"First, before we enter into the matter itself, we must keep in mind that distinction which we previously laid down so that we do not (as commonly happens) unwisely mingle these two, which have a completely different nature. For certain men, when they hear that the gospel promises a freedom that acknowledges no king and no magistrate among men, but looks to Christ alone, think that they cannot benefit by their freedom so long as they see any power set up over them [e.g., Felix Manz, Anabaptist]. They therefore think that nothing will be safe unless the whole world is reshaped to a new form, where there are neither courts, nor laws, nor magistrates, nor anything which in their opinion restricts their freedom [cf contemporary Dominion Theology]. But whoever knows how to distinguish between body and soul, between this present fleeting life and that future eternal life, will without difficulty know that Christ's spiritual Kingdom and the civil jurisdiction are things completely distinct. Since, then, it is a Jewish vanity to seek and enclose Christ's Kingdom within the elements of this world, let us rather ponder that what Scripture clearly teaches is a spiritual fruit, which we gather from Christ's grace; and let us remember to keep within its own limits all that freedom which is promised and offered to us in Him [cf Romans 6:1, 2; Galatians 5:13; 2 Peter 2:18, 21]. For why is it that the same apostle who bids us stand and not submit to the 'yoke of bondage' [Gal. 5:1] elsewhere forbids slaves to be anxious about their state [1 Corinthians 7:21], unless it be that spiritual freedom can perfectly well exist along with civil bondage? These statements of his must also be taken in the same sense: In the Kingdom of God 'there is neither Jew nor Greek, neither male nor female, neither slave nor free' [Gal. 3:28, Vg.; order changed]. And again, 'there is not Jew nor Greek, uncircumcised and circumcised, barbarian, Scythian, slave, freeman; but Christ is all in all' [Colossians 3:11]. By these statements he means that it makes no difference what your condition among men may be or under what nation's laws you live, since the Kingdom of Christ does not at all consist in these things [John 18:36]." --John Calvin, from his Institutes of the Christian Religion (1559)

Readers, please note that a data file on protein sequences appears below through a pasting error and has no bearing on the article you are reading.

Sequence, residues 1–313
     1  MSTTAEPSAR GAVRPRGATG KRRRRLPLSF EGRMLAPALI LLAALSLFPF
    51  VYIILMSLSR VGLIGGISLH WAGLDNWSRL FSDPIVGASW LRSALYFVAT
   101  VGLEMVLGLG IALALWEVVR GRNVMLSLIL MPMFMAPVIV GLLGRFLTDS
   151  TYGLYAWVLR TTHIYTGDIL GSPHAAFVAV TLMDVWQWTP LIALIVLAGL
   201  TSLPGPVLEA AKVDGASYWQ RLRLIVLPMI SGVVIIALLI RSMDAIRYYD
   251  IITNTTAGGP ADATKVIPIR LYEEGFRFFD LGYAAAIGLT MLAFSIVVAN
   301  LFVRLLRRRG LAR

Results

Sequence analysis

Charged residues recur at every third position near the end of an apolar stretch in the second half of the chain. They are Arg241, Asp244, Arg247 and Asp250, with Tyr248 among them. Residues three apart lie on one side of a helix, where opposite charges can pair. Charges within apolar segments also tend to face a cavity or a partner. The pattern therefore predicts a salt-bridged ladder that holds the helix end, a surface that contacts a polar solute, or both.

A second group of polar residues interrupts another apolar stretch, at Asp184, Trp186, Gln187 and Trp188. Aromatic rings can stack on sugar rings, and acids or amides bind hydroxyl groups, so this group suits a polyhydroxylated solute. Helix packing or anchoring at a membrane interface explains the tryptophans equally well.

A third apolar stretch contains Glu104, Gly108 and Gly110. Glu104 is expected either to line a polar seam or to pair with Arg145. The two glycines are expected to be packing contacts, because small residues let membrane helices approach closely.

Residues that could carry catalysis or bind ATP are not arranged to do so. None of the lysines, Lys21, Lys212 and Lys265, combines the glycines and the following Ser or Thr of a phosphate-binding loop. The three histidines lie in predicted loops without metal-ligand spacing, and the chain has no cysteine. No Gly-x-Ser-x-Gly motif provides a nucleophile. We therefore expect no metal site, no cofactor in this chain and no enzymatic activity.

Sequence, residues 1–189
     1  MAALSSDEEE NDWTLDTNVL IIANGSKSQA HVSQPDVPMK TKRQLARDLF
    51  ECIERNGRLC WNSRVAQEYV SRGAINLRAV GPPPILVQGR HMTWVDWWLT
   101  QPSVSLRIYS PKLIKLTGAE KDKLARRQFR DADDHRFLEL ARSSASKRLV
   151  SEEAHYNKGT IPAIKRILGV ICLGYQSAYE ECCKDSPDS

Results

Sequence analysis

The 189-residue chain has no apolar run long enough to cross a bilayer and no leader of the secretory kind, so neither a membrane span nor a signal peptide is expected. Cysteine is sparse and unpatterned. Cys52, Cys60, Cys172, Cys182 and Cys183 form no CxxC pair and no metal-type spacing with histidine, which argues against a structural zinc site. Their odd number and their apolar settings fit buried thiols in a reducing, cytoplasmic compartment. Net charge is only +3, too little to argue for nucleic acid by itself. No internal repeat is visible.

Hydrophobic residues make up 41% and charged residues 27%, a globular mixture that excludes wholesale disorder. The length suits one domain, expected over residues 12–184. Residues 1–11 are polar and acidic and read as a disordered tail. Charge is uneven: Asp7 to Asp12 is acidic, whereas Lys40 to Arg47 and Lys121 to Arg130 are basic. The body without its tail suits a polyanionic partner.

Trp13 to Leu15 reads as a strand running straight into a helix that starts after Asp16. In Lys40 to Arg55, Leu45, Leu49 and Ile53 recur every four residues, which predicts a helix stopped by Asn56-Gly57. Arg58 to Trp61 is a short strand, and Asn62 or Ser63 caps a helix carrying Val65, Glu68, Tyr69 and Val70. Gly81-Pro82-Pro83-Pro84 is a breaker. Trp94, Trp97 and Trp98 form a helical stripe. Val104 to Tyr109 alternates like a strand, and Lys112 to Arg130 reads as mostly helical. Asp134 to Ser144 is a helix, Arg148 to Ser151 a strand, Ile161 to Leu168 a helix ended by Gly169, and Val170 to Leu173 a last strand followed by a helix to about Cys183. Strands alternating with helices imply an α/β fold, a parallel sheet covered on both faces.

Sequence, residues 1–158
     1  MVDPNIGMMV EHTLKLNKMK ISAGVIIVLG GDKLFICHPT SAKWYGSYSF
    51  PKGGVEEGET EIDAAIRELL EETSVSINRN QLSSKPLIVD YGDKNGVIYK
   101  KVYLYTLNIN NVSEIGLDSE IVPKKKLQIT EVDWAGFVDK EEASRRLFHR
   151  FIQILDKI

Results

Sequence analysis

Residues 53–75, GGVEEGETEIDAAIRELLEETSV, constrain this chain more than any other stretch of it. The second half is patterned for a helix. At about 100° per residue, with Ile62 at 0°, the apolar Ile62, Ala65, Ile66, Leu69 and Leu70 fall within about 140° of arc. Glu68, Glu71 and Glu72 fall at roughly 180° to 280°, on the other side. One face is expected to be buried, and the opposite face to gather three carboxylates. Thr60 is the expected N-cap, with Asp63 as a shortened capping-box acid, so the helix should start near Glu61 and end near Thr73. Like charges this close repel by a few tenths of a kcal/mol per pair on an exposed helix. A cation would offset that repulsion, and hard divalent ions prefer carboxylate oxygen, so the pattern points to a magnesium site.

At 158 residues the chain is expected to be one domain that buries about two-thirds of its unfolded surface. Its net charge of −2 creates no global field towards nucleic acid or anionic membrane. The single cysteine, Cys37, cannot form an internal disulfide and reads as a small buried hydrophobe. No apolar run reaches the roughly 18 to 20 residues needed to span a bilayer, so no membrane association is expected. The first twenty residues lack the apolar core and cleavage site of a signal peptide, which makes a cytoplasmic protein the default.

6 Led by the Spirit within the Law Note Gal 5:18 EdB Wed 07/20/16, 10:24am 243317